# Income Tax calculations or discrepancies with the CRA in Canadian Payroll for Microsoft Dynamics GP

This article provides information on how income taxes are calculated in Canadian Payroll for Microsoft Dynamics GP, and why the tax calculations in GP may be different than other tax calculators from the Canada Revenue Agency (CRA).

*Applies to:* Microsoft Dynamics GP

*Original KB number:* 2773319

## Symptoms

This article will address these questions:

- How are taxes calculated in Microsoft Dynamics GP for Canadian Payroll?
- Why would the tax calculations in Microsoft Dynamics GP differ from the online payroll calculator published by the CRA?
- Is the method used for tax calculations in Microsoft Dynamics GP accepted by the CRA?
- Why would the tax calculations for a new hire differ from an existing employee with the same pay?
- Why would the tax calculations for the same employee differ from a payrun done earlier in the year versus a payrun done later in the year?
- If you calculated taxes for each week separately, and then again as a two-week period, why wouldn't the sum of each week equal what the tax calculations are for the two-week period?
- Why doesn't a new hire with no history match the CRA calculations?

## Cause

The CRA accepts different tax calculation methods (as outlined in the link below). The CRA online payroll calculator uses a simple tax calculation method. And Wintod (which is program provided by the Canadian government to calculate taxes) does not take prior history into account and is only an 'estimate'. Microsoft Dynamics GP uses a method called Cumulative Averaging that takes prior pay periods into account, uses a 'projected' annual income established by the date entered, and the number of pay periods that have occurred are factored in. This method does comply within the ranges set by the CRA.

## Resolution

What you are seeing is normal in Microsoft Dynamics GP. The tax calculations in Canadian Payroll are complex and take quite a few factors into account. Microsoft Dynamics GP uses a method called Cumulative Averaging that takes into account prior pay periods, the date used, a projected income and how many pay periods have occurred when finding tax amounts.

For instance, the existence of prior pay runs for that employee will affect the amount of Federal Tax that is withheld in Microsoft Dynamics GP. So you will find different tax amounts calculating if you compare a payrun batch for today, versus 6 months ago for the same employee. Tax calculations in GP do use 'dates' and will vary depending on the dates of the first payrun for that employee. So that is why an existing employee would calculate differently than a new hire with the same pay. You could really only compare taxes for employees that started at the same time and have the same YTD balances, dates, benefits/deductions, etc. or else you can expect differences. You will even see the taxes for a new hire change for each payrun as you go later and later into the year.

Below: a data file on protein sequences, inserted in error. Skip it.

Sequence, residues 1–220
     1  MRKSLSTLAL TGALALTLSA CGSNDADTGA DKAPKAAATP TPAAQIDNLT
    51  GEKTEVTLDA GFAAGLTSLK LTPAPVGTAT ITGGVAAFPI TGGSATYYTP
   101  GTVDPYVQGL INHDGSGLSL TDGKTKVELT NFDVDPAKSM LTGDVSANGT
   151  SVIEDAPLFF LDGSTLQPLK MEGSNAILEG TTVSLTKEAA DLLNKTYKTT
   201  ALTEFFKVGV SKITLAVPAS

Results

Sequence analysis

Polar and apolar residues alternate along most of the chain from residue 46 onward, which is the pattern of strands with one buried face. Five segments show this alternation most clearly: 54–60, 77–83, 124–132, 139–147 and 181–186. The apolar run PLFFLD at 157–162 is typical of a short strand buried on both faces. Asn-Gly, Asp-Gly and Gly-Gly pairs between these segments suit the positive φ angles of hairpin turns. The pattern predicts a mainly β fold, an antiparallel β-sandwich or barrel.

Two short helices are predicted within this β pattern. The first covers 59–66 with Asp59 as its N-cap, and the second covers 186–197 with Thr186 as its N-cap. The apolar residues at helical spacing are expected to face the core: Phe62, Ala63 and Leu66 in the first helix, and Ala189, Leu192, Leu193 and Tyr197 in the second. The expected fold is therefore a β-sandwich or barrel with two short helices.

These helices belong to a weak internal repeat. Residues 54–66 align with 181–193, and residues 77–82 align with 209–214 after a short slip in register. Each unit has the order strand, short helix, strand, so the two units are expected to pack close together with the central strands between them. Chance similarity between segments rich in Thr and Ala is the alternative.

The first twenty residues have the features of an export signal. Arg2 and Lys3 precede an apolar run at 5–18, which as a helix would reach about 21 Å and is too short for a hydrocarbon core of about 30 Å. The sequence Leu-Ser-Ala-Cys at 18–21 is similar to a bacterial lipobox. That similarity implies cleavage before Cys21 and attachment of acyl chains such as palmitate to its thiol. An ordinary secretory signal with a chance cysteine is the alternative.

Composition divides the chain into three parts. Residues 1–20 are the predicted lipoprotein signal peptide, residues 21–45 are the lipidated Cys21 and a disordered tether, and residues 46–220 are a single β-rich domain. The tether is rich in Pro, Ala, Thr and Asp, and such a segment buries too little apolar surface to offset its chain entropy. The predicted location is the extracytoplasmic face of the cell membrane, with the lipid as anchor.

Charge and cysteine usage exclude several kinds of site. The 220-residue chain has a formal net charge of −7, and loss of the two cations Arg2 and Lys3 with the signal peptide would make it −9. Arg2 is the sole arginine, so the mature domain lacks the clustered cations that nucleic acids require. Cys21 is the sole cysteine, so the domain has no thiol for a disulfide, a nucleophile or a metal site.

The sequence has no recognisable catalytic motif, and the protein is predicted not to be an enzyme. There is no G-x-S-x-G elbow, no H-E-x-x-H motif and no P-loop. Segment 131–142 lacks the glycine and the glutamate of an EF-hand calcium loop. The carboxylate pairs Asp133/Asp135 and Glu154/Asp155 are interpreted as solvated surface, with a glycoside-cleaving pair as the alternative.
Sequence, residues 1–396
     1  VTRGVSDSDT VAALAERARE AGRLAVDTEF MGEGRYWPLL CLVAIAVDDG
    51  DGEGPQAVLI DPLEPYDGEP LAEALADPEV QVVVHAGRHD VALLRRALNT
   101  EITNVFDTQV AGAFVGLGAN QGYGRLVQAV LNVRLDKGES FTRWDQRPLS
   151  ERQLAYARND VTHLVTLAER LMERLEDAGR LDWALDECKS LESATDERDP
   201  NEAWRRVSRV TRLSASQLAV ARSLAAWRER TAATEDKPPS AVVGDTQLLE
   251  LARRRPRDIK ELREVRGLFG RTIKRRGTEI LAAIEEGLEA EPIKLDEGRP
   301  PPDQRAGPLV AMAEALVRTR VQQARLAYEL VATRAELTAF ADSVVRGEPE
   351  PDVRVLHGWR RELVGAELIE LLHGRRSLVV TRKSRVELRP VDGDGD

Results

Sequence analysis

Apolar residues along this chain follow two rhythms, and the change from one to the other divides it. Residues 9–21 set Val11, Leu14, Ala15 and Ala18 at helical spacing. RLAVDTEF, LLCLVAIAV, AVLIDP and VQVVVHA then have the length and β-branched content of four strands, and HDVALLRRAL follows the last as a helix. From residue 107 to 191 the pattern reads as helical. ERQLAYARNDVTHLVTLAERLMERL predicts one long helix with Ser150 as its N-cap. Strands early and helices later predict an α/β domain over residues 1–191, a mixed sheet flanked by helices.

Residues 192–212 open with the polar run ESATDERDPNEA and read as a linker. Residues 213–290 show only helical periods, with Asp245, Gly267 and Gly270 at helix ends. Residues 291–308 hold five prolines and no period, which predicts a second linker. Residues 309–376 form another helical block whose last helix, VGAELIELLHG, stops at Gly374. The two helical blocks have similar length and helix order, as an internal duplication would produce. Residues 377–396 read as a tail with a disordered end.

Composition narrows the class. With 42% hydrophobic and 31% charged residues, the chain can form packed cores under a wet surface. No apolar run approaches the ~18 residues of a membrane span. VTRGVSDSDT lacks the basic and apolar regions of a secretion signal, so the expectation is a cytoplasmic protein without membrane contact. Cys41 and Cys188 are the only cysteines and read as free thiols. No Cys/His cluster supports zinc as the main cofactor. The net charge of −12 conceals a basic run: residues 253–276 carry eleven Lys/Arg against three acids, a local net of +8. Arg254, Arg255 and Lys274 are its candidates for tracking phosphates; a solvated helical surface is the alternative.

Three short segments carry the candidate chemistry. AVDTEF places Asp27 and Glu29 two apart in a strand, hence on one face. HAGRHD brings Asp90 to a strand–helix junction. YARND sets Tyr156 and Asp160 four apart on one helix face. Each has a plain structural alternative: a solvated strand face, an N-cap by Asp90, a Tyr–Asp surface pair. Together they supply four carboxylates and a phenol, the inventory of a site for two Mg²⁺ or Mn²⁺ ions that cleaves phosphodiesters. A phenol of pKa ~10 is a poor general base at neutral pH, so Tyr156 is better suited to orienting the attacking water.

The CRA actually defines a 'range' of taxes and not a single number as the tax due. The reason they define a range is because they have more than one method to calculate taxes that is accepted. They use a simpler method that is the same for each period in their calculator, and Microsoft Dynamics GP uses a more complex method that takes past history into account. We have verified with the CRA that the numbers calculated by Microsoft Dynamics GP do comply within their acceptable range. There is a pdf published at the site below to explain Computer Tax Calculations. At the bottom of the site below, click on the link under Effective January 1, 2019 to find the pdf. The method Microsoft Dynamics GP uses is similar to Option 2 - Tax Formula based on cumulative averaging in Chapter 6.

T4127-JAN Payroll Deductions Formulas - 113th Edition - Effective January 1, 2021

Note

For a new hire with no history, you must use the date of January 1 in order to match the CRA calculations. For example, in the first payrun for a new employee, the tax calculation will vary if you enter it dated January 1 versus a date later in the year, as pay periods that have occurred are also taken into account.